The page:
Opinions are divided in the United States concerning whether a question about citizenship status should be added to the 2020 US census. At this point, it looks like it will not be included. The Federal US Census was established by the United States Constitution to enumerate everyone living in the United States. This allowed them to apportion the number of seats in the House of Representatives according to the population every ten years starting in 1790. With this decennial census coming up next year, this is a great time to discuss the value of census records for genealogical investigations. Elizabeth Shown Mills wrote, “Census records are the most used – yet most underused of all genealogical resources.”
Mills is right about the census; it is a favored genealogical record. In most cases, it is quick and easy to find information on ancestors, where and when they lived, their marital status, and much more than what is usually included in indexes. It is important when an ancestor is found that you go beyond the indexed information and go to the actual census record. A wealth of information can be discovered. The information in a census can give clues of other places to search, such as vital records, land records, immigration and naturalization records, military records, probate records, etc. The records in these collections can help verify the information that was found in the census.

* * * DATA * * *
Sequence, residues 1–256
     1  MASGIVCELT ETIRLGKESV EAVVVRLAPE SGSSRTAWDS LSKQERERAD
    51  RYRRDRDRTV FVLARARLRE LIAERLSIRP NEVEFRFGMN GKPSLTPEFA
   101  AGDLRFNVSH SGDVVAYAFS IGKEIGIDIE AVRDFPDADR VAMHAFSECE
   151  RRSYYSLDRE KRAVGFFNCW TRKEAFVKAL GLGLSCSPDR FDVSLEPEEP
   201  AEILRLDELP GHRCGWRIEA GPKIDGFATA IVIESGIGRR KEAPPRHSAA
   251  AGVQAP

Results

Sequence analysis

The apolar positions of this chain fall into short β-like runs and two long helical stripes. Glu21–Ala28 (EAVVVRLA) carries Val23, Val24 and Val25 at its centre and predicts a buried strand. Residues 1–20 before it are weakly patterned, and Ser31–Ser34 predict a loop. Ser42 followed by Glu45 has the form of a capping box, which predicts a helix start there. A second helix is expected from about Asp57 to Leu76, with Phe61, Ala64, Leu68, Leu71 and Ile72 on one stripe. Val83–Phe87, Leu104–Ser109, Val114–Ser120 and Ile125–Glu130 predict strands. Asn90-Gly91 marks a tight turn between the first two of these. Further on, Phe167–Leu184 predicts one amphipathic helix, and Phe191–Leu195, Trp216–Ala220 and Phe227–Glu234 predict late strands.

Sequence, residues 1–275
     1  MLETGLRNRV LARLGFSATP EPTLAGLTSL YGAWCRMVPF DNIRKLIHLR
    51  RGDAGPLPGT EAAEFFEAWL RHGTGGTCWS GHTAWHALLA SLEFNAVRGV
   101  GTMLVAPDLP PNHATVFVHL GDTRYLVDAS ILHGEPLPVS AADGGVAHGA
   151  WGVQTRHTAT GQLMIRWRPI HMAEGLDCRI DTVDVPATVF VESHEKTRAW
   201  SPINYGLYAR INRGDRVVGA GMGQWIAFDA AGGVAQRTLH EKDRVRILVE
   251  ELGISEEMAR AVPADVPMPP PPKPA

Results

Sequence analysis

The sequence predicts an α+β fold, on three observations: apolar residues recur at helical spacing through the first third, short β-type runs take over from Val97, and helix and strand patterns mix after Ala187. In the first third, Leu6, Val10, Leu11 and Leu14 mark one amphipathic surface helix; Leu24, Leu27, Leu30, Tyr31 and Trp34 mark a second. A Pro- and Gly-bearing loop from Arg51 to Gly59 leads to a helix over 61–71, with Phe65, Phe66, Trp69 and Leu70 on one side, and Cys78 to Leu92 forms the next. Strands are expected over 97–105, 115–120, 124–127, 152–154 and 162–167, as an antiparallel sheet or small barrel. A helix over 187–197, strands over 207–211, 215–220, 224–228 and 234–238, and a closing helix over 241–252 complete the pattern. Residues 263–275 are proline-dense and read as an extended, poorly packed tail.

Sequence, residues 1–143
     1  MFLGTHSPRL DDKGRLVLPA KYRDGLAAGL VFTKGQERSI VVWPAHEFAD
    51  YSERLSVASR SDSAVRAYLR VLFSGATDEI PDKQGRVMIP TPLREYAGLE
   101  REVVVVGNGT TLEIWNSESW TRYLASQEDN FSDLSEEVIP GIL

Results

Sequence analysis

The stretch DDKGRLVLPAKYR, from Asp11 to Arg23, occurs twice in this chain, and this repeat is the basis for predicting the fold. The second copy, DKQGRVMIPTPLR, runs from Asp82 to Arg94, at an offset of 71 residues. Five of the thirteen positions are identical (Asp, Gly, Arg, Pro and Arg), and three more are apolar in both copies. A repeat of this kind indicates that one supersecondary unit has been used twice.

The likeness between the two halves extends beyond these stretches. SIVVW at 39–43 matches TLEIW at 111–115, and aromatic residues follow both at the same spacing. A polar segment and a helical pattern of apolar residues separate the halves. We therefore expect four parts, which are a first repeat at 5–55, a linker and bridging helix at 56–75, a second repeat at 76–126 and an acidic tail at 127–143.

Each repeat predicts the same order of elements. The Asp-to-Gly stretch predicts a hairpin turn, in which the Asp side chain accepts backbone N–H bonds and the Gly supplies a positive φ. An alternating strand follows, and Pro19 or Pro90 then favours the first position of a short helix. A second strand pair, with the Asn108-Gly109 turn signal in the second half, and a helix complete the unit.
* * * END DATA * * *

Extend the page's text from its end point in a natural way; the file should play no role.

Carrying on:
From 1790 to 1840, the census consisted of the name of the head of household, followed by tally marks of the number of white males, white females, age categories, free persons and slaves. Specific census years provide extra clues not available in other census records. The back of the 1840 census lists whether a person was a pensioner from military service. Hint: Check the entries of any potential Revolutionary War ancestors who were still living at this time. Once it is clear there was a pension, these can be requested from the National Archives.